As if SeaWorld doesn't have enough to worry about, now professional surfers are piling on, demanding the release of the park's killer whales into seaside sanctuaries. And it all started with a documentary.

The 2013 film, entitled Blackfish, has been a PR nightmare for the folks at SeaWorld. The documentary claims the captivity of orcas (commonly called killer whales) provokes violent behavior in the mammals; behavior that led to the death of trainer Dawn Brancheau in 2010 at the San Diego Park. Her death occurred during a live show and was captured by video, highlighting the inherent danger of working alongside captive wild animals.

Professional surfer Kelly Slater has now joined the ranks of PETA (People for the Ethical Treatment of Animals), urging the release of the whales.

"The veil has been lifted on SeaWorld. All the ads in the world won't change what the public now knows to be true: that the company imprisons highly intelligent, emotionally complex, social animals in tiny, barren concrete tanks, which leads to aggression and disease."

Slater's statement has naturally prompted a response from SeaWorld officials, who explain the complexities of releasing into the wild animals born and bred in captivity.

"More than 80 percent of our whales were born in our care, and sea pens would be a poor choice for them," CEO Joel Manby told shareholders on Wednesday at SeaWorld's annual meeting.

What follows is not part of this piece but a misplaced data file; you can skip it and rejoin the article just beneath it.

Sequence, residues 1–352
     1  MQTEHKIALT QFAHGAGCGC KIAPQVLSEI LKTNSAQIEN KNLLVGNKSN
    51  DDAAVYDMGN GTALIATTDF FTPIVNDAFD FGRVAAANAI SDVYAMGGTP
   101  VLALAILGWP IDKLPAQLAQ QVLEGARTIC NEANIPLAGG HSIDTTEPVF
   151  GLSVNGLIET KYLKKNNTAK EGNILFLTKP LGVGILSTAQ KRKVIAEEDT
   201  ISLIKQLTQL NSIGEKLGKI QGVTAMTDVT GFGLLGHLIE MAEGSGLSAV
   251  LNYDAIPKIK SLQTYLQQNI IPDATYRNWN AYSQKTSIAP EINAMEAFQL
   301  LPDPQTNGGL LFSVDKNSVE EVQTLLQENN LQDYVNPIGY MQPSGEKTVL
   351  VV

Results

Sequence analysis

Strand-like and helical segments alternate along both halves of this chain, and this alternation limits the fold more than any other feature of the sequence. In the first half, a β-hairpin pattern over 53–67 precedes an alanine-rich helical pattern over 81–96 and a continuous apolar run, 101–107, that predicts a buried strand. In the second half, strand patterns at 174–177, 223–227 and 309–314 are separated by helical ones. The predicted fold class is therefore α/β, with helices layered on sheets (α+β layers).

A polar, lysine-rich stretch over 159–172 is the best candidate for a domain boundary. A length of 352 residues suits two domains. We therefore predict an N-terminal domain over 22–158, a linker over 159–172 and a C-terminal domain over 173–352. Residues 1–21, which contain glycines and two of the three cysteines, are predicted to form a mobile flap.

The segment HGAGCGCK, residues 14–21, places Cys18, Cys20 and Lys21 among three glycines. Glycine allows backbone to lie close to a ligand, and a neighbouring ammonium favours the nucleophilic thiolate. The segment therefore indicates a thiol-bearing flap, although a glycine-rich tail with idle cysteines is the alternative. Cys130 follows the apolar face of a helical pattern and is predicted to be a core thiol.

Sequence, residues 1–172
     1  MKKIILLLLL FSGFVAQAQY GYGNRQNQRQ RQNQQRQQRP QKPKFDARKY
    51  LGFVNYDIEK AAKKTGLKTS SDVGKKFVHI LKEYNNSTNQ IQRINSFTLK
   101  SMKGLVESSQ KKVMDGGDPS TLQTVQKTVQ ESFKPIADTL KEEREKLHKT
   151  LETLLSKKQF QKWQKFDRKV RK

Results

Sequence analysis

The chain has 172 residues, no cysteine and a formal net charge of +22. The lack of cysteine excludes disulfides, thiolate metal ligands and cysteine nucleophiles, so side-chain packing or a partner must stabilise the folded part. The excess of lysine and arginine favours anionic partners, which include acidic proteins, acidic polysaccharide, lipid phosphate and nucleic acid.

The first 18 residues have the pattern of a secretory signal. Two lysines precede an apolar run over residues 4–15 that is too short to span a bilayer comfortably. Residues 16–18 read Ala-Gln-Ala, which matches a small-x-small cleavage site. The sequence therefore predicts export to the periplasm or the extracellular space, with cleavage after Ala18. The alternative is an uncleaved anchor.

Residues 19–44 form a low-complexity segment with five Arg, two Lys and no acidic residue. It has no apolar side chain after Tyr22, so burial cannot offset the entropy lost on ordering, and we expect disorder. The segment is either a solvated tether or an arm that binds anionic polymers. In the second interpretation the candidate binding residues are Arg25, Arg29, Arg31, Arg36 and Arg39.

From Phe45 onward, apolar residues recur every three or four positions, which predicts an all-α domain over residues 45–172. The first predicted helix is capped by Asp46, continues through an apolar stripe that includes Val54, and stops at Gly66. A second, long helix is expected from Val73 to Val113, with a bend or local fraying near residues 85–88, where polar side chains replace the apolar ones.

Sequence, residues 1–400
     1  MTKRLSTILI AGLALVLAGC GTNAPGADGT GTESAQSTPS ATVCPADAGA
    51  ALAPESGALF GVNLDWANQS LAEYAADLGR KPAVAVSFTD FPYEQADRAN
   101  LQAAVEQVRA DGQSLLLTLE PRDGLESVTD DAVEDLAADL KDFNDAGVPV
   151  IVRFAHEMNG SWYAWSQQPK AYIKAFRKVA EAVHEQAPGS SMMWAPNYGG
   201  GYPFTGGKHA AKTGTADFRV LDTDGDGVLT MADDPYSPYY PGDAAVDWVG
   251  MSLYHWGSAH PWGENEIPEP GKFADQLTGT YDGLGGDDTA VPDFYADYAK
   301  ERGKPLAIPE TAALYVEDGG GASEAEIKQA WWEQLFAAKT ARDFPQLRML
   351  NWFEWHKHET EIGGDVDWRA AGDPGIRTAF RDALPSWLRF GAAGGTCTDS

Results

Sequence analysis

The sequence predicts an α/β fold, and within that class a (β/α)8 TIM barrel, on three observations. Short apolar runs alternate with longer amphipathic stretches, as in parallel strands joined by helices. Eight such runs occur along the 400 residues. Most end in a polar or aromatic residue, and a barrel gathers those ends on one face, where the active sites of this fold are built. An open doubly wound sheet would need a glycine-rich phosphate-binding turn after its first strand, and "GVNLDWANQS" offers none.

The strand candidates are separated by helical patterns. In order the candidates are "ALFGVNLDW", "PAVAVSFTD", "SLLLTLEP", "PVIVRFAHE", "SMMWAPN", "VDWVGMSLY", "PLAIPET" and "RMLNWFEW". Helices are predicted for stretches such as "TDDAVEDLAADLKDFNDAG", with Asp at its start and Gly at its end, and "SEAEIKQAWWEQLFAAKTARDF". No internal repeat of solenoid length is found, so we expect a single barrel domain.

"Uncontrollable exposure to pollution, ocean debris and life-threatening pathogens in ocean waters are just a few of the factors that make sea pens an unhealthy living environment for any of our animals."

But advocates continue to fight. Marine expert Jean-Michel Cousteau, who has actively participated in the release of killer whales into seaside pens (Keiko, star of "Free Willy"), claims the pens make suitable homes for previously captive orcas.

"The problem I have with SeaWorld is they are looking for all kinds of excuses to keep doing what they are doing."

Despite loss of sponsorship and a continuously hostile campaign, SeaWorld intends to keep doing what they are doing. Which, aside from the whale controversy, has resulted in the rescue, rehabilitation, and release of thousands of animals. For over 50 years, SeaWorld has promoted animal advocacy, conservation, and marine research, which should not be overlooked, regardless of one's stance on animals in captivity.

According to the Association of Zoos & Aquariums, who ensure exceptional care and management within their accredited parks (of which SeaWorld is a member), the SeaWorld & Busch Gardens Conservation Fund has granted more the $9 million toward wildlife research, habitat protection, animal rescue and conservation education.

Perhaps we shouldn't throw out the baby (or whale) with the bathwater.